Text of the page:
Rolly is busy carving a new piece. George is still not up to doing much. I spent yesterday photographing Mikes finished work and will have those pictures on the web soon.
Chris is busy observing. He explains that his background is in pottery--a vertical lathe. He has been working as a curator of a small gallery and as an educator. He task for this week is to observe and try his hand at turning. Yesterday he worked on the basics of spindle turning and enjoyed it. Jack has two projects going--his birdbath table and a sphere made from laminated wood. He was turning the laminated sphere this morning and it was looking pretty good when the chisel caught. His sphere is now a smaller sphere. "There is something powerful and captivating about the form of a sphere, he says.
Jack is conscious of time. He is a one-week resident and one of the days of this week is a trip to the Wharton Esherick Museum. He carefully schedules his work. "I think I'm OK, he says. TOP
George is back in good shape and turning. He started back to work yesterday. Margaret, his wife, is visiting. She just completed a trip to Paris and brought some turnings back with her.
Mike is finishing the pieces he started and has been working on for the last few weeks. Check out his personal ITE page to see some of his ITE work.
I took some pictures for Rolly and Graeme for the benefit of their sponsors, who provided tools.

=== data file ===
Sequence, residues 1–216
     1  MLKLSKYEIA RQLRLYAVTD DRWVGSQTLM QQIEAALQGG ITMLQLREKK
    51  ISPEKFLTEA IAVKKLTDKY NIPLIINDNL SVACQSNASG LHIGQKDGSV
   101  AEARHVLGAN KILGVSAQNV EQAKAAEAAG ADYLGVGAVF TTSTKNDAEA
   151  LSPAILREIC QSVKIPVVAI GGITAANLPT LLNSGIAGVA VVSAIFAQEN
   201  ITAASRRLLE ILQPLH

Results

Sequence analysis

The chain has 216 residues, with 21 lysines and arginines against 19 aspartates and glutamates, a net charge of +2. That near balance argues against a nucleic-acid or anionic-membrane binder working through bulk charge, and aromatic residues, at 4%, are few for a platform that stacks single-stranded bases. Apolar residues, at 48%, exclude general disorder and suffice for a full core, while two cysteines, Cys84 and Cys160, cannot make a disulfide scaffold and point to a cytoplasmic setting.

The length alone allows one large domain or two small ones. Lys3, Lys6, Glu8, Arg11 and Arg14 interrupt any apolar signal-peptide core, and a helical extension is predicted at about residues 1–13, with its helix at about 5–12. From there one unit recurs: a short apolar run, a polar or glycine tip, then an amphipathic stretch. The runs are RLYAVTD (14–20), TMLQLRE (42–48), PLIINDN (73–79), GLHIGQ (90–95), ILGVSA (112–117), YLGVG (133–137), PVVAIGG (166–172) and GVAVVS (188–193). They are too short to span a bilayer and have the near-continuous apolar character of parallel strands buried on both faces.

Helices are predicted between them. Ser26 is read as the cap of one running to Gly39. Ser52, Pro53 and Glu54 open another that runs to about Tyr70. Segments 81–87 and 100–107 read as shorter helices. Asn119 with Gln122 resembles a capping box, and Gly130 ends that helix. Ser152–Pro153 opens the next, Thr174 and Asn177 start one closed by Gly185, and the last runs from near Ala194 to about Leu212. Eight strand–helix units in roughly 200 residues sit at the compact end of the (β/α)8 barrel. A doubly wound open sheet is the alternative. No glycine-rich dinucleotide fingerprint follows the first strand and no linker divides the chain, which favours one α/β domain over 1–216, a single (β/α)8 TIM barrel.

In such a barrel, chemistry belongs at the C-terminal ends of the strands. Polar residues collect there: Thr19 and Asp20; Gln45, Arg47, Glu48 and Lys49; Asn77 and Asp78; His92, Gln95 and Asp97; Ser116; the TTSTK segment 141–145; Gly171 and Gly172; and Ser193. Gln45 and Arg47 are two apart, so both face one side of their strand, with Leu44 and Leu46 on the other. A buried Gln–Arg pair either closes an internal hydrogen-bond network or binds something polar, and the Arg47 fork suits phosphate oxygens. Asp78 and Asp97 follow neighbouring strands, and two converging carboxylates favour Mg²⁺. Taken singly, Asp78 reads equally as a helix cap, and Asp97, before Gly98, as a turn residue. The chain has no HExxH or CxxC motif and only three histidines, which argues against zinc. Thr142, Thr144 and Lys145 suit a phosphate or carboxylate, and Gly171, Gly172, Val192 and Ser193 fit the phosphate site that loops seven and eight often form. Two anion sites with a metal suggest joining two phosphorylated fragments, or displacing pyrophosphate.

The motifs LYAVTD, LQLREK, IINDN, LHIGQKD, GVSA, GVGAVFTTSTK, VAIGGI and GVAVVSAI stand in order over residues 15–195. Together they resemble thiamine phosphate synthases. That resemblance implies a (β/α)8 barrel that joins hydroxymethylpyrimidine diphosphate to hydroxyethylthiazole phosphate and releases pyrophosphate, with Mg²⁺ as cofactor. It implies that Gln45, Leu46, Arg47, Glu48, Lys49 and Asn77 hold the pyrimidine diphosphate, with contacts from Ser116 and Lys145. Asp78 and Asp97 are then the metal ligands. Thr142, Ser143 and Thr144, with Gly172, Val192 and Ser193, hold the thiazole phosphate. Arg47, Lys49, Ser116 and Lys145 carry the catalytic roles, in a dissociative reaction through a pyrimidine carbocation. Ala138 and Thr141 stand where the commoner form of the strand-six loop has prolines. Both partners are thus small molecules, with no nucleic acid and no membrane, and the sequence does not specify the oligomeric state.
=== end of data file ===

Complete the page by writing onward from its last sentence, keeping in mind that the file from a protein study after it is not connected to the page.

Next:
The group worked hard in the morning, but today was a scheduled travel day and everyone stopped at 11 a.m. We had a tour of Wharton Esherick Museum, the home and studio of the noted artist and sculptor who spent most of his life in this area. His studio/apartment now houses a collecton of his work and innovative design ideas. In fact the studio and renovated house is part of his work. He took a personal interest in designing the property and steadily renovating it from 1927, when he bought the lot, to his deathi n 1970.
The property is a showcase for his unique approach to design, his fascination with color, form and line.
|The complete 2000 ITE (from left): Chris Tyler, educator; Mike Scott; Judy Gotwald, photojournalist, with son Natty Leach; Margaret, wife of George Peterson, with George; Eli Scearce, shop facilitator; Graeme Priddle;Rolly Munro and Jack Larimore, furniture maker. The picture was taken at the Wharton Esherick Musuem, near Valley Forge, Pa.|